# Computing the limit of function containing a power series.

Prove that if the sequence $a_{n}$ of real numbers converges to a finite limit; \begin{align} \lim_{n \rightarrow \infty} a_{n} = g, \end{align} then \begin{align} \lim_{x \to \infty} \left({\rm e}^{-x}\sum_{n = 0}^{\infty}a_{n}\,{x^{n} \over n!}\right) = g. \end{align} The initial observation is the power series of $e^{x}$ is given by \begin{align} e^{x} = \sum_{n = 0}^{\infty} \frac{x^{n}}{n!}. \end{align} I want to use summation by parts somehow while using some sort of telescoping technique. Is this the right technique? How do I get started with this?

Note that for $x>0$ you have $$\lvert e^{-x}\sum_{n=0}^\infty a_n\frac{x^n}{n!}-g\rvert\leq e^{-x}\sum_{n=0}^\infty \lvert a_n-g\rvert\frac{x^n}{n!}= e^{-x}\sum_{n=0}^N \lvert a_n-g\rvert\frac{x^n}{n!}+e^{-x}\sum_{n>N}\lvert a_n-g\rvert\frac{x^n}{n!}<Me^{-x}\sum_{n=0}^N \frac{x^n}{n!}+\epsilon e^{-x}\sum_{n>N}\frac{x^n}{n!}=Me^{-x}\sum_{n=0}^N \frac{x^n}{n!}+\epsilon e^{-x}(e^x-\sum_{n=0}^N \frac{x^n}{n!})=(M-\epsilon)e^{-x}\sum_{n=0}^N \frac{x^n}{n!}+\epsilon \to\epsilon$$ as $x\to +\infty$, where $M=\sup_n\lvert a_n-g\rvert$, $\epsilon>0$ is small as we would and $N=N(\epsilon)$ is such that $\lvert a_n-g\rvert<\epsilon$ for $n>N$.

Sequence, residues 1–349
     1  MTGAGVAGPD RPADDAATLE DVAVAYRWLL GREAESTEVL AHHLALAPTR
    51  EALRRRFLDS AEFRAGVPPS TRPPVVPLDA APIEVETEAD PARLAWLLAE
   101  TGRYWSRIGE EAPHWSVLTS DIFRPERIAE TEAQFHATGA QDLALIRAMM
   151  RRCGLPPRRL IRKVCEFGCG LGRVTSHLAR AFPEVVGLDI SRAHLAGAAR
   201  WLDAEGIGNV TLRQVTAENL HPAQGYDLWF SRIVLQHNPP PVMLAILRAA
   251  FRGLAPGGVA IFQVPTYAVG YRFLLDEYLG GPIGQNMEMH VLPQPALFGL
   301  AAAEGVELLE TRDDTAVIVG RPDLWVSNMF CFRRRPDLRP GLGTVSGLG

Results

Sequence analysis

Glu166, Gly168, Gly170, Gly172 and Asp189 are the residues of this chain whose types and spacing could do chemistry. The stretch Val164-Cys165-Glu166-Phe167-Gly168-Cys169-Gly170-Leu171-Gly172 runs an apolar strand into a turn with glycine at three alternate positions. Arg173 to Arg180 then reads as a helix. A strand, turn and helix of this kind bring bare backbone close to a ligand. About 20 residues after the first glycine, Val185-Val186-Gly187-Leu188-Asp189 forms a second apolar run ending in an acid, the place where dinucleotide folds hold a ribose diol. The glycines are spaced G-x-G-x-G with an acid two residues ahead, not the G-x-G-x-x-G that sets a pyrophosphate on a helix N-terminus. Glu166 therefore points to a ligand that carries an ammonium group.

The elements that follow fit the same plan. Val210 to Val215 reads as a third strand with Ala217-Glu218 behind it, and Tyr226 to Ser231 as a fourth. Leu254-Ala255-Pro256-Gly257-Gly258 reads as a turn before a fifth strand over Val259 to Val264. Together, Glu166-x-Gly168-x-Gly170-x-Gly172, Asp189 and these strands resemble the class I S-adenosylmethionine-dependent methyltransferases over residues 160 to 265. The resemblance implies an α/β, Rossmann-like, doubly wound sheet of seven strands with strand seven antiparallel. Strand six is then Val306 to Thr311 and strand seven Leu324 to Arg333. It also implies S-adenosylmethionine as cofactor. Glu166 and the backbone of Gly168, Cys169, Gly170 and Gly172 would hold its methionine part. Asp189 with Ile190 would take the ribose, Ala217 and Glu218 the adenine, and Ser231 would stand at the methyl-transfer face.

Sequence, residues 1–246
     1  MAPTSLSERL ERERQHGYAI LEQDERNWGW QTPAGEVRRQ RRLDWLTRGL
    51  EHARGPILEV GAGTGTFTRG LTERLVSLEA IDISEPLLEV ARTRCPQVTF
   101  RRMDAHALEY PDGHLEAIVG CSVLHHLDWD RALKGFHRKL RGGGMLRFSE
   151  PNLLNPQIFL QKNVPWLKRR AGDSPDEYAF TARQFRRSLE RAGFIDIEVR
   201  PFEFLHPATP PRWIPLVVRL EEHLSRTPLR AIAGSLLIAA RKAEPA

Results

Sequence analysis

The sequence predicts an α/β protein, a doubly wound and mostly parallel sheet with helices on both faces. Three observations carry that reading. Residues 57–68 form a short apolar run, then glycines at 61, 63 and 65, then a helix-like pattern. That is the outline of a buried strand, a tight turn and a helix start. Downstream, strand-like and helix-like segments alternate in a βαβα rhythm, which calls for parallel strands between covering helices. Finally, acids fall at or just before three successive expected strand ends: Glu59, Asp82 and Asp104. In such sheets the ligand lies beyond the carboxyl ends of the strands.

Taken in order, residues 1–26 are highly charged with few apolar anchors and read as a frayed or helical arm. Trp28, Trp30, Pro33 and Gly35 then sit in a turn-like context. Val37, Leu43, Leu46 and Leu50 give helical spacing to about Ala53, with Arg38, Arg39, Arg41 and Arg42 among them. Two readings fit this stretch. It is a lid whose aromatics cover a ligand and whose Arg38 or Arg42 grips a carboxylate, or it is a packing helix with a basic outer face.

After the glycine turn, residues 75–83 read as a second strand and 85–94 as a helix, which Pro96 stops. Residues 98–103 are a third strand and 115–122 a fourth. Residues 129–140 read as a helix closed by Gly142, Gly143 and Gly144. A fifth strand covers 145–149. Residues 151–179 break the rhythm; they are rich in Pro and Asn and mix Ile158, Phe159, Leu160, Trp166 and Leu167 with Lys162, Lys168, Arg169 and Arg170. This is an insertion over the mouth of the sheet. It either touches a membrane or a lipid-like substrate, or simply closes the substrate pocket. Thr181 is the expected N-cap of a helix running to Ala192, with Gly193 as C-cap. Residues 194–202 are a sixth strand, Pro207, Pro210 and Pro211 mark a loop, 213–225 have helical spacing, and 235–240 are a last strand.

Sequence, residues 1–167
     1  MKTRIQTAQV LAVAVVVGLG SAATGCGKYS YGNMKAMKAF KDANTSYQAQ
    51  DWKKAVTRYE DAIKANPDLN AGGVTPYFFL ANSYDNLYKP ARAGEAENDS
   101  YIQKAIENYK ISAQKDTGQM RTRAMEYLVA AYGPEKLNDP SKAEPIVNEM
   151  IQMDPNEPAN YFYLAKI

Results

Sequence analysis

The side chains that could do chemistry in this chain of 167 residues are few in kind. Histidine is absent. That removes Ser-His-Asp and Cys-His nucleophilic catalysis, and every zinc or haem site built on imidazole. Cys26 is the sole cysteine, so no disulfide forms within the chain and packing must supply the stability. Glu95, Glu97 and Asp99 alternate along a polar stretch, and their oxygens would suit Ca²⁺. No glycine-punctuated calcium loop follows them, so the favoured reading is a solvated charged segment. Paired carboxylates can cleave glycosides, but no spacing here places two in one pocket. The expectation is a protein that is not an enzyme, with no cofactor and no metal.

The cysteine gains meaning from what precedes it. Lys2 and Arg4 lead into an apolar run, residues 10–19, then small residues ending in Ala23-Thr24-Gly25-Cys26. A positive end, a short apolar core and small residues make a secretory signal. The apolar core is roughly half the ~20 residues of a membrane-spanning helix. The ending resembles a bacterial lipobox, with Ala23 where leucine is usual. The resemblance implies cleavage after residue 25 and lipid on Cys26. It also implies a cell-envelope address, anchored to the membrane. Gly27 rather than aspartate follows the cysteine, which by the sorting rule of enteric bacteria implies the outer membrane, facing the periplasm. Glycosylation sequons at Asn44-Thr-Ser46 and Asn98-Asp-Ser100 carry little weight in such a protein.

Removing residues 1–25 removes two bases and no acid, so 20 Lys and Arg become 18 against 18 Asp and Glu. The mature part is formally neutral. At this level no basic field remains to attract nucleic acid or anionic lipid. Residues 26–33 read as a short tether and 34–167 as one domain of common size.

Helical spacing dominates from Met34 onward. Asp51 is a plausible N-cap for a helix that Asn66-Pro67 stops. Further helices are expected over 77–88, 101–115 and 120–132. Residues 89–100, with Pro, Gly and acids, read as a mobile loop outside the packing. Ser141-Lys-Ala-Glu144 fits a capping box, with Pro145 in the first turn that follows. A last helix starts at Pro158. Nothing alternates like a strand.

For each positive integer $N$, \begin{align} \limsup_{x\rightarrow\infty}\left|e^{-x}\left(\sum_{n=0}^{\infty}a_{n}\frac{x^{n}}{n!}-g\right)\right| & = \limsup_{x\rightarrow\infty}\left|e^{-x}\left(\sum_{n=0}^{\infty}a_{n}\frac{x^{n}}{n!}-\sum_{n=0}^{\infty}g\frac{x^{n}}{n!}\right)\right| \\ & = \limsup_{x\rightarrow\infty}\left|e^{-x}\sum_{n=1}^{\infty}(a_{n}-g)\frac{x^{n}}{n!}\right| \\ & = \limsup_{x\rightarrow\infty}\left|e^{-x}\sum_{n=N}^{\infty}(a_{n}-g)\frac{x^{n}}{n!}\right| \\ & \le \limsup_{x\rightarrow\infty}e^{-x}(\sup_{n\ge N}|a_{n}-g|)\sum_{n=N}^{\infty}\frac{x^{n}}{n!} \\ & \le \limsup_{x\rightarrow\infty}\left( \sup_{n\ge N}|a_{n}-g|\right) \\ & = \sup_{n\ge N}|a_{n}-g| \end{align} Because this holds for every $N$, then the result follows.

• Thanks! How can you just switch from n = 1 to n = N without changing anything? – DRich Jan 12 '14 at 2:11
• @DRich: Because the $\lim_{x\rightarrow\infty}$ of any fixed finite sum is 0 because of the $e^{-x}$ term. – DisintegratingByParts Jan 12 '14 at 3:13